.See the world from a 2 mile/hour perspective .
STORIES are everywhere
Some hikes take you beyond yourself. My recent hike to Grizzly lake in the Trinity Alps has a wildness only imagined in fantasy stories. A place where the green is greener, the rocks craggier, the water purer, the trees taller and denser. A place where mankind hasn’t done its damage. Oh, it won’t be long before that happens. But it hasn’t happened yet. The access to the lake is difficult, enough to avert all but the courageous, the experienced, or the fools.
I consider myself an experienced hiker and didn’t give the rating ‘difficult’ much credence. I’ve done difficult in the high Sierras, on the Knife Edge in Washington, on Icelandic glaciers, in the high Himalayas, in Tibet, how bad could it be in my backyard, the Trinity Alps of Northern California?
It was the hottest day we had experienced yet, the start of summer, as we hiked out in 90F heat, our packs filled with water, food and comforts for 3 days. We started from the China Gulch trailhead with a 2000 foot elevation gain over 1.5 miles, a 14% incline, tough but doable if you go slow and steady and make frequent stops. Blow-down trees to climb over loosened up our muscles and got us into a “can do” mood. At the top of the ridge we could see snowy Thompson peak, backdrop for Grizzly lake, in the distance. Down we went, a 1500 foot drop over a 1 mile steep and a hard-packed granite slope with few switchbacks. The heat and exhaustion got to us and my legs started shaking uncontrollably. Time for a rest and electrolytes. That helped, so we moved on to the bottom of the slope where we started following Grizzly creek up; up and still more up, a seemingly endless 2000 ft elevation gain over 4.5 miles. Luckily we had stretches of shade and moments of putting our feet in the cold, rushing water. We arrived exhausted at Grizzly meadows at 7:00 PM, having completed a 6.5 mile hike in 7.5 hours! A hike that seemed so innocuous when first reading about it.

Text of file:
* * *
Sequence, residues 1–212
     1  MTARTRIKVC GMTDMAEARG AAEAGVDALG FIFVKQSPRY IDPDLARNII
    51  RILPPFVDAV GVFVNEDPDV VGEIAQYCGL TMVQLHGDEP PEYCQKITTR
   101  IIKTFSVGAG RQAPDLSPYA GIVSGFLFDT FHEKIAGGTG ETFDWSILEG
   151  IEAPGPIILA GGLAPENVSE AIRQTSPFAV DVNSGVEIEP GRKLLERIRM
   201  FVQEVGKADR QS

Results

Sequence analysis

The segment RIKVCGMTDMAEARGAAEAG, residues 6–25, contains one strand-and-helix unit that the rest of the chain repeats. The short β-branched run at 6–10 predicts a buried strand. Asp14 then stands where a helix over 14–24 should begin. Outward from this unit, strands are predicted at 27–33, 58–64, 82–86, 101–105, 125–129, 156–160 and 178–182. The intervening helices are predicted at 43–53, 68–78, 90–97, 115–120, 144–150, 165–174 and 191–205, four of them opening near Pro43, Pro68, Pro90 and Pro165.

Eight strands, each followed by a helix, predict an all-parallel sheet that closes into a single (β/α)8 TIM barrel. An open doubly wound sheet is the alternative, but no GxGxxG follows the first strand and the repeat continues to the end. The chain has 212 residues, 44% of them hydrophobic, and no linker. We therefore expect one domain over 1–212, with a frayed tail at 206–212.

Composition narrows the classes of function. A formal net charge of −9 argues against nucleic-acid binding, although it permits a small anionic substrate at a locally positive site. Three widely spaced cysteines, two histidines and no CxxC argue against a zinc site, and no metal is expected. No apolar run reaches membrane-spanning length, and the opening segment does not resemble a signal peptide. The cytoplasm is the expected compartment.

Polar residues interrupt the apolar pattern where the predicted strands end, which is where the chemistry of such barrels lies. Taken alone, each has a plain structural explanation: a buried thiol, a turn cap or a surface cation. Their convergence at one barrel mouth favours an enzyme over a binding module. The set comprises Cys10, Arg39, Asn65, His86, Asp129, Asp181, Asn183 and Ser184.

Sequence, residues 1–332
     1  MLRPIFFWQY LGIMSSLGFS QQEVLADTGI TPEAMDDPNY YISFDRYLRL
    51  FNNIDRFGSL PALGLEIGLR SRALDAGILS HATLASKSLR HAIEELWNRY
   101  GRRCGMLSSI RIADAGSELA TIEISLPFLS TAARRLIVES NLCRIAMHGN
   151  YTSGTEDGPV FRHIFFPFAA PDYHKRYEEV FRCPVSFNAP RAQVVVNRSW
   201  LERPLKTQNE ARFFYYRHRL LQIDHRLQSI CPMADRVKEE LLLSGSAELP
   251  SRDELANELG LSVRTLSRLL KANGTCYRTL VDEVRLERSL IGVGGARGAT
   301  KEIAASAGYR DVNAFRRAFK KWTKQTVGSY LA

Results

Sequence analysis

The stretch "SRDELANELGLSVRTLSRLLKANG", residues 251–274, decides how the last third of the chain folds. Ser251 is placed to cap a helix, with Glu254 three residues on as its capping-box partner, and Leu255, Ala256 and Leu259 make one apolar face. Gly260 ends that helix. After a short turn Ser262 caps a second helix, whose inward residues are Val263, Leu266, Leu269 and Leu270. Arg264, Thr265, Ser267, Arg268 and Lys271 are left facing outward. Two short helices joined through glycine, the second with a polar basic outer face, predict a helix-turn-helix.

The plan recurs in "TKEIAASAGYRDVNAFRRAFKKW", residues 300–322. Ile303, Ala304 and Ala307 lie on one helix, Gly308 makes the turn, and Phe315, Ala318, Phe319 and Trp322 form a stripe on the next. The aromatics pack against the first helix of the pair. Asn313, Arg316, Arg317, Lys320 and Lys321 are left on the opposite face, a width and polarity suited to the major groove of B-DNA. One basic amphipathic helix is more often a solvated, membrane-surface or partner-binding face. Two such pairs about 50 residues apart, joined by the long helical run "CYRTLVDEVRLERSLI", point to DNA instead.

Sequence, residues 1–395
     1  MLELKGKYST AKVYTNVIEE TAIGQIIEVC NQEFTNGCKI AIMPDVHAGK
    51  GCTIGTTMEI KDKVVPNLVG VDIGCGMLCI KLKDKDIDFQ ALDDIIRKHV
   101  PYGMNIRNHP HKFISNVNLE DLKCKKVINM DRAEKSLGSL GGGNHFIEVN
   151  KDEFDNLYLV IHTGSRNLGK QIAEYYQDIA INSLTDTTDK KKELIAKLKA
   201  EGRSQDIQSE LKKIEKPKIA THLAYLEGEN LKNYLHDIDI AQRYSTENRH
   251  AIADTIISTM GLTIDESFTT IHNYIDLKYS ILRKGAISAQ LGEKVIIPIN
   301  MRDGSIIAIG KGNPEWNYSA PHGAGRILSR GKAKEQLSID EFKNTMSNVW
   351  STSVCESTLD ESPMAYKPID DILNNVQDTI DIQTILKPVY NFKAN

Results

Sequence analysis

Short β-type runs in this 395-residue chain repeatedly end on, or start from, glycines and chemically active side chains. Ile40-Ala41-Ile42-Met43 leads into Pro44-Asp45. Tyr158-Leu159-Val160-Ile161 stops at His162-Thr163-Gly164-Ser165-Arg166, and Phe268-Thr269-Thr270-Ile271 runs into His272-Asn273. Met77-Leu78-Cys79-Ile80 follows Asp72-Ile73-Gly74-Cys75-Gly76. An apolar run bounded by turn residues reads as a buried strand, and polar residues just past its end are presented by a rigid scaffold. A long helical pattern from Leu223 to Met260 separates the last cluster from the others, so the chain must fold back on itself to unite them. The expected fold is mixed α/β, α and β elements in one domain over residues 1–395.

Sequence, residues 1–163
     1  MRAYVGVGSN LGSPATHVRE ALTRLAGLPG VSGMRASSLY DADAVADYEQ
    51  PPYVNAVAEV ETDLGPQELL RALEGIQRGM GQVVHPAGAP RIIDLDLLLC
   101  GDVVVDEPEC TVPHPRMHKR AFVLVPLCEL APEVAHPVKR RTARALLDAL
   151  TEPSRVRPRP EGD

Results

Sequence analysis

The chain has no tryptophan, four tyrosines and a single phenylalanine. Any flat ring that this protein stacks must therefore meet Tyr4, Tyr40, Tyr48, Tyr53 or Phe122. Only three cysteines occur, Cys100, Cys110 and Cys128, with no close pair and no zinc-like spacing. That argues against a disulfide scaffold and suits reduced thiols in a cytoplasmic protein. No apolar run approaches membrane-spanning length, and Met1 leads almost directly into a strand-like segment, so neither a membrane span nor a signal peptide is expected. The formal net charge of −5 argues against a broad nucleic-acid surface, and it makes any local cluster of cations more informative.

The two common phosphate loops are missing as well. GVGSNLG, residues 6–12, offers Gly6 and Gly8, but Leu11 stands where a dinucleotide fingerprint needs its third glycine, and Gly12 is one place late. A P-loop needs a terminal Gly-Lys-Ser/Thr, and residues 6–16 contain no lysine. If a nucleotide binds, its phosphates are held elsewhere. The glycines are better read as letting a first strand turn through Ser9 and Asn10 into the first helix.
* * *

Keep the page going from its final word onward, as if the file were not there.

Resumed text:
It takes skill to read trail descriptions, to listen to the story of other hikers who’ve gone before you, to ask the right questions and interpret what it means for you. When you are an experienced hiker you file the information; you know you’ve climbed up bigger slopes; you’ve done longer mileage in a day; you know your limits are fluid and you gloss over perceived difficulties.